Lost in Loss

If you’ve ever lost someone close to you, you know what I mean. Grief often feels like a cave, or a deep wood, where you think you may wonder around for ever and never see light again, never find your way out, never stretch, breath deeply, and relax again. You just feel lost. I have a friend who once got lost in a cave – he and a partner were caving, and their head lamps gave out, and then their backup flashlights gave out, and it was dark. I mean really dark. And they were pretty deep into a cave that has multiple rooms and passages. One could easily get lost and not find a way out. They did, but he describes the utter fear and helplessness of being lost in the dark with no way to call for help. Grief can feel like that sometimes.
Our mom, Ruth Grace Wagner Crawford, died on October 28th, 1997, 10 years ago this month. She died on a Tuesday, and her memorial service was on a Saturday. We hired a piper to play Amazing Grace from the hall outside the Worship Space, and one of the funeral scripture readings was from the Old Testament book of Ruth 1:16 “Where you go I will go, and where you stay I will stay. Your people will be my people and your God my God.” The very next day, the same text was appointed from the Lectionary, so the pastor preached from it again. We all saw it Sunday morning in the bulletin and wept. And wondered how deep the cave might be.
Mom had been sick before, and we all knew this was a possibility. But things turned so suddenly, from my vantage anyway. I was not ready (if one ever is). And I felt lost. I know that Dad did too. He spoke some and wrote some during those months of wondering and wandering, not sure where his life was headed without Ruth in it. He never had really been able to imagine life without her since she came into it nearly four decades earlier. He felt lost.
He is painfully pragmatic, so he managed to pick himself up and get on with the work of living. But even now, so many years and so much love later, he still is in touch with that loss, and part of him will always be lost in it.
I have lost friends, and have friends who have lost loved ones. I know for myself, and from watching them, how easily we get lost. It is hard to know what to say or do. What is the ‘appropriate’ course and schedule for grieving? How do you know when you or someone else is ‘stuck’? How do you get ‘unstuck’?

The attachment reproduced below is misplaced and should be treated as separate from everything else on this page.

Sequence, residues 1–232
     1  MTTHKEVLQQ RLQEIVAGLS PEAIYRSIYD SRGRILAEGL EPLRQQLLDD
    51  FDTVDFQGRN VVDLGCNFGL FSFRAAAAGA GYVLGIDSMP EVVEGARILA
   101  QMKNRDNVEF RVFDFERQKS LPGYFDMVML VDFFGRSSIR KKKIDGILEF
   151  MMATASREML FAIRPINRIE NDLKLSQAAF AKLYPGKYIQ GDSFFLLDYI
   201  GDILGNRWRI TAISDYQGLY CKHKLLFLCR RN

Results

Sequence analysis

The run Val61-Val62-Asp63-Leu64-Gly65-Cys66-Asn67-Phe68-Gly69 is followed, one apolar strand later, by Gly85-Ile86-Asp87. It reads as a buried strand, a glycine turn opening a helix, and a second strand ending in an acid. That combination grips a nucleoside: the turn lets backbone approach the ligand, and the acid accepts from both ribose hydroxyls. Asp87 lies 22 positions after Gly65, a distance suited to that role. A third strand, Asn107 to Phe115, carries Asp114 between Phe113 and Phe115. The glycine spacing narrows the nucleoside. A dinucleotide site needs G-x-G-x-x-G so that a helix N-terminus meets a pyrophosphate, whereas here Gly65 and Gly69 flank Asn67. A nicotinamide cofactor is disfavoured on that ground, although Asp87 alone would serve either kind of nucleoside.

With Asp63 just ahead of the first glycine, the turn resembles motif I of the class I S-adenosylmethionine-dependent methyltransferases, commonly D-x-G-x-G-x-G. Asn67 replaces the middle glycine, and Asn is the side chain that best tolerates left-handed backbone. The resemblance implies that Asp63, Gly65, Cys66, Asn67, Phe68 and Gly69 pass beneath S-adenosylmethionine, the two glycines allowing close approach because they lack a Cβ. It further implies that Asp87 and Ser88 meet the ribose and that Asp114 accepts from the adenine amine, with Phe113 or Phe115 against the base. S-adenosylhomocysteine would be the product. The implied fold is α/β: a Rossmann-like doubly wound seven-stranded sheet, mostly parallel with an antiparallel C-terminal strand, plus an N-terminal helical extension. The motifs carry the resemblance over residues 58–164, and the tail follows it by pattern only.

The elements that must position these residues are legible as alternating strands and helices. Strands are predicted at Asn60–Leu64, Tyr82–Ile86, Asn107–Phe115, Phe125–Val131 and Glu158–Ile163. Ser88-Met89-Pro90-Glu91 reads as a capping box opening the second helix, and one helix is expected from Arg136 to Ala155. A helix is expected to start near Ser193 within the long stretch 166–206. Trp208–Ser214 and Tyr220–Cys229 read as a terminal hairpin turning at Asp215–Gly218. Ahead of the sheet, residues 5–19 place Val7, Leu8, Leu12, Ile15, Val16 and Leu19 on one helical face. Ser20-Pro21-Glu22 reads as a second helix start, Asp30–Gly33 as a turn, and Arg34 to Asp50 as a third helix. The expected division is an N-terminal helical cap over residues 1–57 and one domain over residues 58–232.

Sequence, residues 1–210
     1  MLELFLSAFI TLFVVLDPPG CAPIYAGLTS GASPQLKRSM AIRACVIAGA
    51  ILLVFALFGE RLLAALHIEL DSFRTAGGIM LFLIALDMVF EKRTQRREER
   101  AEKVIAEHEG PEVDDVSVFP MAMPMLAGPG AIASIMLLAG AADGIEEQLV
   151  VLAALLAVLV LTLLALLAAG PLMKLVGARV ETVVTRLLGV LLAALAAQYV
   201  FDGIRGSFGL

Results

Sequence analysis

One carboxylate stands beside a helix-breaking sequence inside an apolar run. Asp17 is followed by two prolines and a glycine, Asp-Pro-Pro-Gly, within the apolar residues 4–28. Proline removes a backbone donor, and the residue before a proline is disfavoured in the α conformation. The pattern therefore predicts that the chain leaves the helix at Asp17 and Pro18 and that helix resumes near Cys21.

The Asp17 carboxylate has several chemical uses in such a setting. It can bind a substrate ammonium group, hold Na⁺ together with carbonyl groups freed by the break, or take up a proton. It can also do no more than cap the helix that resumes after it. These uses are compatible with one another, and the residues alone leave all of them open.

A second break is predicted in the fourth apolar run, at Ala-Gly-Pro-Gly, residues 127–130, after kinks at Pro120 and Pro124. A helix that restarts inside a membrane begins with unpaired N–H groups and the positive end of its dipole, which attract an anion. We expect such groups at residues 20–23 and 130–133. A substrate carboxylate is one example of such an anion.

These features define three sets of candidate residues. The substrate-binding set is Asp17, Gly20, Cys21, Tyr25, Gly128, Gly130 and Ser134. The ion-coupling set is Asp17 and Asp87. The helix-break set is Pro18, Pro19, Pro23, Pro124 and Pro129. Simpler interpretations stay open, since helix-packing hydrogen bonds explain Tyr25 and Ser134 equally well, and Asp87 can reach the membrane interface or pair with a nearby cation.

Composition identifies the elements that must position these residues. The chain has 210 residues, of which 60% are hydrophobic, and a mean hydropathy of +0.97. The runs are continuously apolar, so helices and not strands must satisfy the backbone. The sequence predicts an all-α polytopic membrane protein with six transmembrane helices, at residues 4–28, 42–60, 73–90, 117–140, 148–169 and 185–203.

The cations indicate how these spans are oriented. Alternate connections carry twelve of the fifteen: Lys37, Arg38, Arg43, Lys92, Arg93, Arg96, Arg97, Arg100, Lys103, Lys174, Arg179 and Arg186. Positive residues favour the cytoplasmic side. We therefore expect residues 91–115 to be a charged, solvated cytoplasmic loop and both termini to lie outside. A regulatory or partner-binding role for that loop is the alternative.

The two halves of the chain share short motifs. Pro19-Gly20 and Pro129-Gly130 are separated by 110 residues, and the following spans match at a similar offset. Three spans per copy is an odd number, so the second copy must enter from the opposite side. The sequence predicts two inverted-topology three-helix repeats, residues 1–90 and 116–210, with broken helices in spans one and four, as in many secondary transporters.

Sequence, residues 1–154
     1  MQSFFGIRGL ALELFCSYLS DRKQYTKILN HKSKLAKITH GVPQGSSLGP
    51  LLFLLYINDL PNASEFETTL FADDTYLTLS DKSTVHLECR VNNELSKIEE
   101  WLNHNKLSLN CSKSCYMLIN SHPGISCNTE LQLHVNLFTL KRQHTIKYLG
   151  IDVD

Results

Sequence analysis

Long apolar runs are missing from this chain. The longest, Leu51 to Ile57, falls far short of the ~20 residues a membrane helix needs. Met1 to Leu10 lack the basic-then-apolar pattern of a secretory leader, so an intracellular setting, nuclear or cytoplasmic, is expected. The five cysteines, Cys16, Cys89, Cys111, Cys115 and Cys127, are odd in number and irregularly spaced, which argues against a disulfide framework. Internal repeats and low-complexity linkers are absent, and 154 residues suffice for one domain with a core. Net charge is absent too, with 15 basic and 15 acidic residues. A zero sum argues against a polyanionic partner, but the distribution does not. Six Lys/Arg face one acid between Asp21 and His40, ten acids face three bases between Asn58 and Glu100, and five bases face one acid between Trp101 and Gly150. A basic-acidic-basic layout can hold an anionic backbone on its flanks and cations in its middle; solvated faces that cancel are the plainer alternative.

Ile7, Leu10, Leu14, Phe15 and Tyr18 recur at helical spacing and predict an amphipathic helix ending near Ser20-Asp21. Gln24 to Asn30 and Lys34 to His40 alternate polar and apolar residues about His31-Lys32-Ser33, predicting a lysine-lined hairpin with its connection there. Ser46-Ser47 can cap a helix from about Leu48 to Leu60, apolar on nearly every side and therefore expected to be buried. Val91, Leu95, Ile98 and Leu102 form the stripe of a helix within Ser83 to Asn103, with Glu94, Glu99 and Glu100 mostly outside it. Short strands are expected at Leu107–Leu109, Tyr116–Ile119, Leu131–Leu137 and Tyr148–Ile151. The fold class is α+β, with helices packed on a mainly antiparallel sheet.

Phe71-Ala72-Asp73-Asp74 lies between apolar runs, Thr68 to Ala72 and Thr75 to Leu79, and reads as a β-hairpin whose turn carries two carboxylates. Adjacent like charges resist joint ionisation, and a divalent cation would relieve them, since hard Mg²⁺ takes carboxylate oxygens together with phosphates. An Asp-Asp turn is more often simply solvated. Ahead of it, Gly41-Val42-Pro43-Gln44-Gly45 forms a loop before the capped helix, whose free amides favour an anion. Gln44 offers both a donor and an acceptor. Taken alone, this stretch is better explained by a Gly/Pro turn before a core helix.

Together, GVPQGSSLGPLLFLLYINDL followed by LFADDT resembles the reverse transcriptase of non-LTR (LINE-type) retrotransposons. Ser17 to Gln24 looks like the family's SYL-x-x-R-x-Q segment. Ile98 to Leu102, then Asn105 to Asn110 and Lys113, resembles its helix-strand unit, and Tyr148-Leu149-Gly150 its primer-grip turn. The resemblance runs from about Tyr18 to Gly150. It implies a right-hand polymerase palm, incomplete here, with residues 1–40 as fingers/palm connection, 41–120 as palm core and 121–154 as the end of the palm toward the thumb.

I think one thing we can do as a community of faith, as a church, is to be more intentional about discussing life and death. What will it mean for you to have lived a ‘good life’? To die a ‘good death’? What meaning and hope does our relationship with God through Christ bring to us? How do we talk about that in ways that are natural and comfortable? Death is unavoidable, and yet we live as though everymoment is an effort to deny and avoid the unavoidable. I’m not suggesting we become morbid or simply resign. But how do you want to be remembered? What will it look like for your friends and family to celebrate your passing from this life into the next? What do they need to know from you to make things easier on them during those days? Have you ever sat down with those closest to you and talked through funeral arrangements, eulogy and obituary? If someone were to capture the three most important moments or accomplishments of your life, what would they be? What words of faith from scripture or song best capture your understanding of God that you would want to share with those who gather to remember and celebrate your life?
Thinking about these things can help us avoid getting lost, or become a light that will guide us toward a way out when we do feel lost. Many words of faith from the Old Testament gave hope to God’s people during times of loss and exile – they were able to proclaim the goodness of God from their memory until they experienced God’s goodness again in their present circumstances. In this way, God’s word became a lamp to their feet and a light to their paths.
Scripture, Song and prayer rescued me from being lost in my own loss when Mom died. At times I wonder if people feel as lost as they appear to be. I hesitate to ask, at the risk of hurting them more – but how can you hurt anyone more than the pain they already know from loosing their dearest love? Here’s hoping that they might find joy in life once more.

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